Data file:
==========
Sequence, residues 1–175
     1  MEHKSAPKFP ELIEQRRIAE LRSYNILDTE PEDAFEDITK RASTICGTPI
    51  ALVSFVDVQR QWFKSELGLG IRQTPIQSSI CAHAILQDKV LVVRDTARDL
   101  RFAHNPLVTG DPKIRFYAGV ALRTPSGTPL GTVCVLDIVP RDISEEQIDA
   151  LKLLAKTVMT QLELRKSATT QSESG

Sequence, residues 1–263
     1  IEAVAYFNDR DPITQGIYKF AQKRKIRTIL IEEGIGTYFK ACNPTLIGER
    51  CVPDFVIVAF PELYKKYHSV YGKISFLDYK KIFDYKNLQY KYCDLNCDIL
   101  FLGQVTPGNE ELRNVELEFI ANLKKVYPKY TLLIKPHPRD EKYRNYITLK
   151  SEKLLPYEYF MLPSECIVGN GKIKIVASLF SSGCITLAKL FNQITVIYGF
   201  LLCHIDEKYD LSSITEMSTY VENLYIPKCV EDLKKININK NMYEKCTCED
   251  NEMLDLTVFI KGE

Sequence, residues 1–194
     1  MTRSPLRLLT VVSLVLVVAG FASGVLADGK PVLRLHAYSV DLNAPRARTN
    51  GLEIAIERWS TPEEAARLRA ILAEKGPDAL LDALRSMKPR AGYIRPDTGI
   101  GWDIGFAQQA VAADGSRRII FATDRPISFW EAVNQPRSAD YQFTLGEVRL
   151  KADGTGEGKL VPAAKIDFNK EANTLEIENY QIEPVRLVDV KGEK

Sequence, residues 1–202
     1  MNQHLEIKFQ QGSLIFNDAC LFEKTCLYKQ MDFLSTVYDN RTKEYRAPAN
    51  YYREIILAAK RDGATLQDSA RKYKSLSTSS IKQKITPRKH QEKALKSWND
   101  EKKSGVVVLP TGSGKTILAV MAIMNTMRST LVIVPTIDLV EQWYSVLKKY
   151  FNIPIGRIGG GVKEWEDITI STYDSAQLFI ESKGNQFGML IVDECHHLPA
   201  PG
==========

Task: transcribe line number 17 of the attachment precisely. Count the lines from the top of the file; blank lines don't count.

   151  KADGTGEGKL VPAAKIDFNK EANTLEIENY QIEPVRLVDV KGEK